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The Pro-Life Arguments on Abortion Policy in the United States

Updated August 1, 2022
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The Pro-Life Arguments on Abortion Policy in the United States essay

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A complicated debate arises when legislation and morality become unavoidably linked, as in the case of abortion rights. It seems contradictory for people to state that the law should not legislate morality, when all acceptable law involves positive ethics (Cline). When discussing abortion rights in the United States, it has come down to choosing between protecting the well being of the mother, or protecting the well-being of the fetus. Throughout this research paper, arguments for and against abortion rights will be made, as well as my personal opinion on the matter and ways in which I came to this conclusion. Abortion policy in the United States has caused constant commotion due to its highly sensitive subject matter, and it is hard to say if a policy everyone can agree on will ever be created. First, we must take into account the factors that affect a woman’s decision on whether or not to carry the pregnancy to term after becoming pregnant. In 1973, through Roe V. Wade, abortion became legal in the United States (with some restrictions based on individual state legislature). This provided women with an option other than carrying an unwanted pregnancy to term, however, according to National Abortion Rights Action League, “approximately 1 million women had abortions annually until the 1973 decision legalizing abortion, and abortion had become the leading cause of maternal death and mutilation” (Luhrmann).

Clearly, a large number of women were willing to take massive risk to acquire abortion procedures even before they were legal. Some factors women must take into account when making their decision include “relationship status and stability, career and education goals, and caring for dependents” (Cowan). For some women, due to their current statuses involving these factors, unwanted pregnancy can be overbearing and negatively affect their wellbeing to the point where they become unwell. This brings to light the argument for and against abortion. Whose rights are more important, the mother or the fetus? Pro-life arguments include the belief that life occurs at conception, that laws should consider embryos and fetuses as human beings, that abortion is murder, and that “the comparison between a baby’s rights and a mother’s rights is unequal. What is at stake in abortion is the mother’s lifestyle, as opposed to the baby’s life” (Alcorn). Regardless of how these pro-lifers felt, “the Supreme Court decided in 1973 that the unborn fetus had no constitutional rights until the third trimester (24-28 weeks), as it is incapable of functioning independently from the mother until that time” (Luhrmann). After this ruling, pro-lifers began pushing for restrictive abortion laws and policies such as “waiting periods, informed consent, and clinic regulations” (Halva-Neubauer). Pro lifers believed that imposing these inconveniences upon pregnant women seeking abortion would cause them to rethink their decision.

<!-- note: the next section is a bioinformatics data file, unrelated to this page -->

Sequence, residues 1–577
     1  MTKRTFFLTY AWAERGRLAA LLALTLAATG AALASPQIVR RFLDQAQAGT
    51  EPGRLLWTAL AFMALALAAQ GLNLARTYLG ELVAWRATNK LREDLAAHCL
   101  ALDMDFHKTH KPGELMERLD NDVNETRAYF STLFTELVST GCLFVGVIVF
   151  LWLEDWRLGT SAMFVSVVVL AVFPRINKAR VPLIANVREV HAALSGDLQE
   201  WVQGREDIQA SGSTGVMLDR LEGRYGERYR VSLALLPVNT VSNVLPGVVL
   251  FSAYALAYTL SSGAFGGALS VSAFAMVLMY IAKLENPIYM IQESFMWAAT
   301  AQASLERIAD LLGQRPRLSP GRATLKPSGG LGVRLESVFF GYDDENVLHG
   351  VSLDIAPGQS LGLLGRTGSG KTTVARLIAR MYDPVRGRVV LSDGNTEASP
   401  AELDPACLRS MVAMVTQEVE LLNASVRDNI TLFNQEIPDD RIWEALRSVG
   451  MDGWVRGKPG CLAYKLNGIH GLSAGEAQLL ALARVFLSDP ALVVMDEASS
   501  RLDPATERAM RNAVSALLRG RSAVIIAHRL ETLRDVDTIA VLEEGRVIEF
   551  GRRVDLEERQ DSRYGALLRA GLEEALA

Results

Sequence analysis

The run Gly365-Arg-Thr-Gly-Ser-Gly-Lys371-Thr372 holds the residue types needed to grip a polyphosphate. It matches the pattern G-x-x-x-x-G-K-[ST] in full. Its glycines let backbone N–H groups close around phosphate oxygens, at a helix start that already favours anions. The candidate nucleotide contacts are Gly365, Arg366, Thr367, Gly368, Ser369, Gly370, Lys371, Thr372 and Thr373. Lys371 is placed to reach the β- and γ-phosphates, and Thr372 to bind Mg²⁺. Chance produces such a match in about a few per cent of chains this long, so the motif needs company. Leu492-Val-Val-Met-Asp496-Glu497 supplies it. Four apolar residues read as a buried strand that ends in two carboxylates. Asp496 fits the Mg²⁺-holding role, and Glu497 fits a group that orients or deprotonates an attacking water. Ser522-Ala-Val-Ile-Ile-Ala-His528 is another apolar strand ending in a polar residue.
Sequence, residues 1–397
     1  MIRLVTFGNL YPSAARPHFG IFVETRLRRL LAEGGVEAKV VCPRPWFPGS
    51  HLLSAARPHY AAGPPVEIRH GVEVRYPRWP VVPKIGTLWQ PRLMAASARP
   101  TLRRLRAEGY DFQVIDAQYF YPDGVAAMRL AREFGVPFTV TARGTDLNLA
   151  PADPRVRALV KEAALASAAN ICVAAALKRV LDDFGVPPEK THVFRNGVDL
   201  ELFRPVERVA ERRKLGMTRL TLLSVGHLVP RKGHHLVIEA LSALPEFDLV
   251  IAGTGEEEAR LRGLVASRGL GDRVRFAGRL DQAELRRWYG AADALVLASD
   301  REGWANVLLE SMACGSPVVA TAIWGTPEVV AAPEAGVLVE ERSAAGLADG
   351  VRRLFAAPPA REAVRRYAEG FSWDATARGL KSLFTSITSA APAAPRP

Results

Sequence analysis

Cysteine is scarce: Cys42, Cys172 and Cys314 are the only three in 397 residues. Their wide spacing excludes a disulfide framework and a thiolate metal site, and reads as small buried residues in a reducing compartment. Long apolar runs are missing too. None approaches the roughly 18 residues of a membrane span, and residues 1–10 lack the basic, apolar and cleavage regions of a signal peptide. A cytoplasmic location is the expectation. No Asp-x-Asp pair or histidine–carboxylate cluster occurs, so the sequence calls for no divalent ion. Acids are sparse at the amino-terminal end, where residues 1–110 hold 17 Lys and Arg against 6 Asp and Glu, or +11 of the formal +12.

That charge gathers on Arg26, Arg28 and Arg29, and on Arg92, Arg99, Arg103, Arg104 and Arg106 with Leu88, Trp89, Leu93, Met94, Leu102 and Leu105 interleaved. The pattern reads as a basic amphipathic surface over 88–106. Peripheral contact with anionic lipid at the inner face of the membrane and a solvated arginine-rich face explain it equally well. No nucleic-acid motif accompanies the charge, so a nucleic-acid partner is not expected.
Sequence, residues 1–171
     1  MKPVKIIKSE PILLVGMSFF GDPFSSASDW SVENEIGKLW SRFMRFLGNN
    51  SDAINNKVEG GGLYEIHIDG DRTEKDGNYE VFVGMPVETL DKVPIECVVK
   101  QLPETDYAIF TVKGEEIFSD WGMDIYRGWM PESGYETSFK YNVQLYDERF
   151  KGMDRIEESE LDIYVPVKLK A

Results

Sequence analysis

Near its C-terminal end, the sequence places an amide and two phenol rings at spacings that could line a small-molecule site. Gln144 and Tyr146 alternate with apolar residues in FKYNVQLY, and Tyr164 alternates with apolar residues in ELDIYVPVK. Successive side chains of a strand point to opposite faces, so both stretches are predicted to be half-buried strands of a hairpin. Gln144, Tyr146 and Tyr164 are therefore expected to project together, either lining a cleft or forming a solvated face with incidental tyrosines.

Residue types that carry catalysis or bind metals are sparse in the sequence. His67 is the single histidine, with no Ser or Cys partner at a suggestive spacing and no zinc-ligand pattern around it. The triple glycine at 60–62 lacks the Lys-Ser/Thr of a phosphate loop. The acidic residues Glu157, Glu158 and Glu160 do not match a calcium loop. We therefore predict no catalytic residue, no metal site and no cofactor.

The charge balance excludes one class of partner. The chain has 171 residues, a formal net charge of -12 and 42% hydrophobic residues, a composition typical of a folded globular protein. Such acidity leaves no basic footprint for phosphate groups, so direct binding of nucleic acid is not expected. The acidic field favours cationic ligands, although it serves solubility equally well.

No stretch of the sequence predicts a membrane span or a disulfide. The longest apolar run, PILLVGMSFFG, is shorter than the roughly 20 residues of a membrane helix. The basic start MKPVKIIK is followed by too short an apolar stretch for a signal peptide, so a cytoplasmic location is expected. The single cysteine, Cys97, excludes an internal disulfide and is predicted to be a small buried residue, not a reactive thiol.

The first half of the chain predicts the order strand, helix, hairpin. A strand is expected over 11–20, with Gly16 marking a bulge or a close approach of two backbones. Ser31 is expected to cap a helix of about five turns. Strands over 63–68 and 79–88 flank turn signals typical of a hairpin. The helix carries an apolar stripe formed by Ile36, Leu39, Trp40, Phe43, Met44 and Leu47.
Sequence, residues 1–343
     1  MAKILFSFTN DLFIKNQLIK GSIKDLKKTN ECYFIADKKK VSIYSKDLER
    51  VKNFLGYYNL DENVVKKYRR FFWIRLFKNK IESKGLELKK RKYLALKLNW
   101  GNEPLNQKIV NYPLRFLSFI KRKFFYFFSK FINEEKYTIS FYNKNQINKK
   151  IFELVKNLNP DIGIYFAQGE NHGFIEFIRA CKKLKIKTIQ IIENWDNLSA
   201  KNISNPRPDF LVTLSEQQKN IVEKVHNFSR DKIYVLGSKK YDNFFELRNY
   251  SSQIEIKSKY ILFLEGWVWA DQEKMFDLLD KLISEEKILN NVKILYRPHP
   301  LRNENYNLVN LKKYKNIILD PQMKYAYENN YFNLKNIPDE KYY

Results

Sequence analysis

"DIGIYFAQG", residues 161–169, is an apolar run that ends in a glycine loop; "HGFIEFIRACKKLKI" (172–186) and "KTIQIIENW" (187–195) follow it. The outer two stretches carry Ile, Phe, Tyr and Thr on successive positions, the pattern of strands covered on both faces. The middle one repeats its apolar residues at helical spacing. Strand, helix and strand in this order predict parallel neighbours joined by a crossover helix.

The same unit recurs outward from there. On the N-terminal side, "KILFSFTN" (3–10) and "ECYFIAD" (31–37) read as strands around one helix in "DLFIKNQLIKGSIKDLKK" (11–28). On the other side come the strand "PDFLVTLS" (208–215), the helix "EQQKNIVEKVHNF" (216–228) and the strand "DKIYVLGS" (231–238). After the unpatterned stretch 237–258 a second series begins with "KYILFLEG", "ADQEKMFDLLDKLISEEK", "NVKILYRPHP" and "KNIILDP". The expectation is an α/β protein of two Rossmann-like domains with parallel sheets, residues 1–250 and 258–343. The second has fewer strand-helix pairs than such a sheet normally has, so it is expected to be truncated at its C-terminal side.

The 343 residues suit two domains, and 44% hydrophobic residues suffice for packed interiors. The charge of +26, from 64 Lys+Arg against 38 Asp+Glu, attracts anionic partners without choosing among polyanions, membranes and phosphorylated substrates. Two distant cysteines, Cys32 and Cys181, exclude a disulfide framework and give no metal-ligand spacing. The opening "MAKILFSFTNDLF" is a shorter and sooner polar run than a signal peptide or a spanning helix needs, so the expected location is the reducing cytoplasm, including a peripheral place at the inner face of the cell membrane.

Another tactic pro-lifers use in the battle against abortion is setting up “crisis pregnancy centers” within a five-mile radius of abortion clinics. These centers pose as abortion clinics in order to get women inside so they can covey their pro-life messages to the women in hopes that the women will choose life over abortion. Extremely vulnerable women come in contact with these deceptive establishments because these crisis pregnancy centers advertise to women wanting an abortion. “Pregnant? Scared? Call us! Free pregnancy tests available. You have options” the billboards read; but the only option these centers promote is continuation of the pregnancy. These centers are wonderful for needy women who already wanted to continue their pregnancies, as they offer baby clothes and other useful items for mothers of newborns, but the true underlying reason these clinics exist is to preach pro-life sentiment. “Once the woman is through the door, she finds a clinic-like environment full of “counselors” who may fabricate or overemphasize the physical and mental health risks of abortion” (Gilbert).

Women who walk inside are usually forced to watch an anti-abortion video, and receive a ultrasound. Some women make it through the entire process without yet realizing that this center is not actually an abortion clinic, only to be sent out the door with a flyer and a heart full of guilt. These clinics cause even more distress in women seeking abortion because they even go so far as to wrongly date their pregnancies in order to prevent these women for continuing to seek abortion. While pro-lifers believe “the fetus must be accorded the same constitutional rights as its mother” (Luhrmann), pro-choice advocates believe the constitutional rights belong to the woman that is carrying the fetus. While pro-lifers maintain that the mother will experience severe psychological pain after abortion, “an unwanted child may be born into a household with an equally heavy psychological toll” (Luhrmann). While enormous emotional strength is required to go through abortion, the same applies to bearing and raising a child. Some believe “pro-choice forces create a false antagonism between a woman and her fetus, that abortion is a violent choice, and that, ultimately, abortion harms the woman” (Halva-Neubauer). While abortion is a negative situation for everyone involved, it may not produce as negative an outcome as pro-lifers may believe. “Inconclusive studies linking abortion to a higher risk of breast cancer have also been appropriated by some pro-life groups to support the rhetorical strategy of connecting harm to the fetus with harm to the woman” (Halva-Neubauer).